On August 01, the director of the Nuclear Information Project for the Federation of American Scientists, Hans Kristensen, tweeted: “Meteor explodes with 2.1 kilotons force 43 km (26 miles) above missile early warning radar at Thule Air Base.”
Kristensen quoted a tweet that originated from “Rocket Ron” (@RonBaalke), whose profile allegedly indicates he is a scientist at the Jet Propulsion Laboratory, a federally funded research and development center and NASA field center in La Cañada Flintridge, California. The original tweet on July 31 said: ” A fireball was detected over Greenland on July 25, 2018 by US Government sensors at an altitude of 43.3 km (43 miles). The energy from the explosion is estimated to be 2.1 kilotons.”
Meteor explodes with 2.1 kilotons force 43 km above missile early warning radar at Thule Air Base. https://t.co/qGvhRDXyfK— Hans Kristensen (@nukestrat) August 1, 2018
We’re still here, so they correctly concluded it was not a Russian first strike. There are nearly 2,000 nukes on alert, ready to launch. pic.twitter.com/q01oJfRUp4
Data from NASA’s Jet Propulsion Laboratory shows reported fireball events for which geographic locations are provided. Each event’s calculated total impact energy is indicated by its relative size and by color. The record shows a meteor traveling at 24.4 kilometers per second (54,000 mph) at 76.9 degrees north latitude, 69.0 degrees west longitude, on July 25 at 11:55 p.m, slammed into the atmosphere directly over Thule, Greenland.
According to the Military Times, the meteor “struck…miles from a key U.S. early warning air base,” which is home to the 12th Space Warning Squadron based at Thule, that operates and maintains the Air Base in support of missile warning, space surveillance, and satellite command-and-control operations missions. Thule is located 1,207 km (750 miles) north of the Arctic Circle and 1,524 km (947 miles) from the North Pole on the northwest side of the island of Greenland.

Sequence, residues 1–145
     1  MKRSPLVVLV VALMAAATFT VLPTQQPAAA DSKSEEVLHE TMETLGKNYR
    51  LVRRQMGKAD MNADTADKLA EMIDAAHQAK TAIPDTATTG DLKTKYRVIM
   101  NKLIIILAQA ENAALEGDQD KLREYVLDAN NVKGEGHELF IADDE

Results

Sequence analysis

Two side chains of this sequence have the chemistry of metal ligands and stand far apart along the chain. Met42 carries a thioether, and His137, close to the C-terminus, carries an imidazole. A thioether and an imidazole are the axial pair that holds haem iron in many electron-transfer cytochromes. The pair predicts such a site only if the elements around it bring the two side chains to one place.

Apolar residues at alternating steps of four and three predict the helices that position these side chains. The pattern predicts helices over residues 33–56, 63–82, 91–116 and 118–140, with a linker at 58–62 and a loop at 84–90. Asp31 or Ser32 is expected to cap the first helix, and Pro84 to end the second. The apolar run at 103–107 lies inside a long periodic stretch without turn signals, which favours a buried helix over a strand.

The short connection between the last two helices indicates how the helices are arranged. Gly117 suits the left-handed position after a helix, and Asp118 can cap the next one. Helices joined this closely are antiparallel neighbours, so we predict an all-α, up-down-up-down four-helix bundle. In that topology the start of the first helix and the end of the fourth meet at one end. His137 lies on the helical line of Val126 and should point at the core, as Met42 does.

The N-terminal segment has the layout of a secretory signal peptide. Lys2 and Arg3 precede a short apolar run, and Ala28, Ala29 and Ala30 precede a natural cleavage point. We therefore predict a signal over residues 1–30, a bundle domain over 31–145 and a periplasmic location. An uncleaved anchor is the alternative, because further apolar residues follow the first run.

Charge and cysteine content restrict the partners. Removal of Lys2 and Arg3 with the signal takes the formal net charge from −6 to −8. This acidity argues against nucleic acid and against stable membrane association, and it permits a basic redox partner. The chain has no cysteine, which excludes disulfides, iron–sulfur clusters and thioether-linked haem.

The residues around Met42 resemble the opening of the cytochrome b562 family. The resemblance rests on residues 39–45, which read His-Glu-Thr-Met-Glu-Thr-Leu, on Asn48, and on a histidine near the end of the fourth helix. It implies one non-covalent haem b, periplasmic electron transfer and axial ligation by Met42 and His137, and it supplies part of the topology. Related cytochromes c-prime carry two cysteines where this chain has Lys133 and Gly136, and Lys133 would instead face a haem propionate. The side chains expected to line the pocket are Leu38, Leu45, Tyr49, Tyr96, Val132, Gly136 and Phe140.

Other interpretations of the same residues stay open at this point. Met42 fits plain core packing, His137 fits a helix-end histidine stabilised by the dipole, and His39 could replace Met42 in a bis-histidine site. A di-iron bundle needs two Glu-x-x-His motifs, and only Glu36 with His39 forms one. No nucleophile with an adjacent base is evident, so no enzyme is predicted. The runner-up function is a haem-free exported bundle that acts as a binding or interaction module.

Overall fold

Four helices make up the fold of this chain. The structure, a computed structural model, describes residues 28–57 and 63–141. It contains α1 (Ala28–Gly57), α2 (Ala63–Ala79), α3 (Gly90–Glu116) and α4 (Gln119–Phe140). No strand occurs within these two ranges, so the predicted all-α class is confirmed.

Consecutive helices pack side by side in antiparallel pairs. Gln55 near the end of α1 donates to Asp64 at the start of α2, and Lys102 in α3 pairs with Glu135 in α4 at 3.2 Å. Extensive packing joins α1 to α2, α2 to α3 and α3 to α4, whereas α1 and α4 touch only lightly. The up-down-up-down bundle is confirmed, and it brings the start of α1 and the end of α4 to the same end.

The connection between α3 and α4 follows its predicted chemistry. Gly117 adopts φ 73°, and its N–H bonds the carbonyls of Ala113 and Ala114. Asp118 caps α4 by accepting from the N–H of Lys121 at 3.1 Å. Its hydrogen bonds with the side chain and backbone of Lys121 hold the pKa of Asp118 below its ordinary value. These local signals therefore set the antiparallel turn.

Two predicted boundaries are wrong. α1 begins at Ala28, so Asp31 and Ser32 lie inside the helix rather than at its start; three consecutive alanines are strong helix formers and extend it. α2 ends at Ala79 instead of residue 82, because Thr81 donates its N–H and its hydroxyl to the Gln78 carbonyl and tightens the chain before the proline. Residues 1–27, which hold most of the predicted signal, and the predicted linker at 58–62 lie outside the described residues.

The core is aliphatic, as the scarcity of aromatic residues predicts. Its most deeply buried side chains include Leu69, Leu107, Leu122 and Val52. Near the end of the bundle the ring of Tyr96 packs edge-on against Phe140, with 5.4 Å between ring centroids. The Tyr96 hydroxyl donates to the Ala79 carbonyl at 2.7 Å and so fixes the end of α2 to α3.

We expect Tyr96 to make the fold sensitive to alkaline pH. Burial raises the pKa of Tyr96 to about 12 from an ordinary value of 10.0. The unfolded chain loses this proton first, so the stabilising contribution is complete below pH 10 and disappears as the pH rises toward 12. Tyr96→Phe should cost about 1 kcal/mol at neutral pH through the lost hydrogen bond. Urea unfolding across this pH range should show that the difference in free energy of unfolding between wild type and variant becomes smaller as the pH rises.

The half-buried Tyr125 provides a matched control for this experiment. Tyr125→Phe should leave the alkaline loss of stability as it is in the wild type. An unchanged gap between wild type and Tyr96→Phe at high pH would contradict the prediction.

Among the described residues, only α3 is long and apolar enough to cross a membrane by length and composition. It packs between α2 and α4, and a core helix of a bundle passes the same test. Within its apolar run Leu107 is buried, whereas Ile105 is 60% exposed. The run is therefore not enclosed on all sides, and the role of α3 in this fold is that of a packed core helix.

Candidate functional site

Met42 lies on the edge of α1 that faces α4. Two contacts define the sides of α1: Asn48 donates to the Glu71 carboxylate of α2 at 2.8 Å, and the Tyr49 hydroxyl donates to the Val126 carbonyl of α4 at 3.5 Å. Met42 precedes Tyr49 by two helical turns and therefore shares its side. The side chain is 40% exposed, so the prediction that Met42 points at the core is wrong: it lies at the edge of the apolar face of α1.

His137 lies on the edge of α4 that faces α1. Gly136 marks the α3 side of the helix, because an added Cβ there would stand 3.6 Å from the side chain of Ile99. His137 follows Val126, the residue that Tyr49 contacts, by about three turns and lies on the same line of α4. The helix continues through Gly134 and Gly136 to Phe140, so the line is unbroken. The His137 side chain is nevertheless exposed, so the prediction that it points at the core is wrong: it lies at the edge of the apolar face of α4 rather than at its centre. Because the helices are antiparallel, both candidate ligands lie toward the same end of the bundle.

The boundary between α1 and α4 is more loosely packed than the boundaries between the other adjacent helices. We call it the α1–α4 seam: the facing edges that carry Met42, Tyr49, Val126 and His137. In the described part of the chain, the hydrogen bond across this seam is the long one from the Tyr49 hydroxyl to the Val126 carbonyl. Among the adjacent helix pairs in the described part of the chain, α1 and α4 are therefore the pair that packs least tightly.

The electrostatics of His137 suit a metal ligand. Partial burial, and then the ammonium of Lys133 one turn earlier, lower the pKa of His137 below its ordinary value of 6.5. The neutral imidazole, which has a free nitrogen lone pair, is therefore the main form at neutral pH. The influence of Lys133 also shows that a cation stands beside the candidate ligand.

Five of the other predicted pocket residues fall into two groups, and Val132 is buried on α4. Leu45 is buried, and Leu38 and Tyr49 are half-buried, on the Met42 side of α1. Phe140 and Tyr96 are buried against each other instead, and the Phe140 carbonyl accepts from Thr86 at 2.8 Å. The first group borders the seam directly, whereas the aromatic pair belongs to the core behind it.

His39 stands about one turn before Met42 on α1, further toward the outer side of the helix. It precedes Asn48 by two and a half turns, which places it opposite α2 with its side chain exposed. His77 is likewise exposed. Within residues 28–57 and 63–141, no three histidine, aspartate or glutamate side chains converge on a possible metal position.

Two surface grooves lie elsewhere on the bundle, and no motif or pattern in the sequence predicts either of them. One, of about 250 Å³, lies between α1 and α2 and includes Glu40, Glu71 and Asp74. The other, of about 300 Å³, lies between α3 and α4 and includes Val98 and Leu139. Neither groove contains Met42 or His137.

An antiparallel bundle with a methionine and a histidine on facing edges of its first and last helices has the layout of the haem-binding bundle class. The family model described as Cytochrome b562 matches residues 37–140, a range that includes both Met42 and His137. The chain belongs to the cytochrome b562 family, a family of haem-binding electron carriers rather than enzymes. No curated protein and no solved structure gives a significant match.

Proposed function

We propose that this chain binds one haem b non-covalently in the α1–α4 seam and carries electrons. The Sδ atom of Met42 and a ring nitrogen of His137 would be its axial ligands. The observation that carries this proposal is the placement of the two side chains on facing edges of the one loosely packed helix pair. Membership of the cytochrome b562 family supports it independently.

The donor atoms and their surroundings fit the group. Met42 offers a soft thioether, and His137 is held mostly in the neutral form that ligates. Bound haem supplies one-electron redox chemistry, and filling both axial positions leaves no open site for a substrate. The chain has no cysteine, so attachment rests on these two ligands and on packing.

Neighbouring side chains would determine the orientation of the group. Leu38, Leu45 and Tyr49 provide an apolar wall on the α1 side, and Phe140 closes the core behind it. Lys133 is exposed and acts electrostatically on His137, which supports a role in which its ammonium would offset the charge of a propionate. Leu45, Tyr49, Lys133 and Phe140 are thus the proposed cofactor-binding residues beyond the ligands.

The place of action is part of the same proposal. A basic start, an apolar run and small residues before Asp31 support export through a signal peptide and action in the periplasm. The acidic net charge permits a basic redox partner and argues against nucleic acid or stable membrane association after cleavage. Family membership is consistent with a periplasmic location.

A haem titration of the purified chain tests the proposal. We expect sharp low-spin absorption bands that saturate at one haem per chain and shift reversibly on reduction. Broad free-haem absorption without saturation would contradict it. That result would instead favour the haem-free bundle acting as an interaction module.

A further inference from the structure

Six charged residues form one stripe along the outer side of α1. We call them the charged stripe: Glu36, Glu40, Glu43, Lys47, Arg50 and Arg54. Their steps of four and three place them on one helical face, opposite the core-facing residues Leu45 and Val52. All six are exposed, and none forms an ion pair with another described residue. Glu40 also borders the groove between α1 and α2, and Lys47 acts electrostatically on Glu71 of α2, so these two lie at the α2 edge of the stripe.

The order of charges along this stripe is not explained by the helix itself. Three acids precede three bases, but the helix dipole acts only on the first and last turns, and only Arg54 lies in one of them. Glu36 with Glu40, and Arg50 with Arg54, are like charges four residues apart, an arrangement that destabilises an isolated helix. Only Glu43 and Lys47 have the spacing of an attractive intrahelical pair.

UHF Phased Array Radar at Thule Air Base (Source/ Air Force)
The story was first reported by Australian media, then blasted across America via Fox News on Friday. The article’s title read “Air Force remains silent after huge meteor hits near US military base,” which generated tremendous buzz on social media and triggered a swarm of journalist contacting the Air Base about the matter.
“No, we don’t have any reports of damage, why are we getting calls on this now?” said Steve Brady, a spokesman at Peterson Air Force Base in Colorado, which handles Thule’s media queries, even though Thule is located in Greenland.
The Aviationist’s Tom Demerly, who reported on the mystery meteor, wrote in an analysis that it is disturbing because there was no public warning from the U.S. government about the meteor impact. “Had it entered at a more perpendicular angle, it would have struck the earth with significantly greater force,” he wrote.
As to “significantly greater force,” well, Demerly does not specifically define what that means as far as kilotons. However, the 2013 Chelyabinsk meteor incident (below) provides the very real understanding of the destructive nature of these space objects. We ask just one question: Why did the US government initially fail to alert citizens of Greenland and the US of an incoming meteor that could have potentially been very dangerous?
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The Chelyabinsk meteor entered Earth’s atmosphere over Russia on February 2013, with a speed of 19 kilometers per second (42,500 mph). It quickly became a dazzling superbolide meteor over the southern Ural region. The bulk of the meteor’s energy was absorbed by the atmosphere, with total kinetic energy before atmospheric impact estimated from infrasound and seismic measurements to be equivalent to the blast yield of 400–500 kilotons or roughly 26 to 33 times as much energy as that released from the atomic bomb detonated at Hiroshima.
This footage below from multiple closed-circuit television systems recorded the moment when the meteor slammed into the Earth’s atmosphere generating a massive shockwave across the Ural region.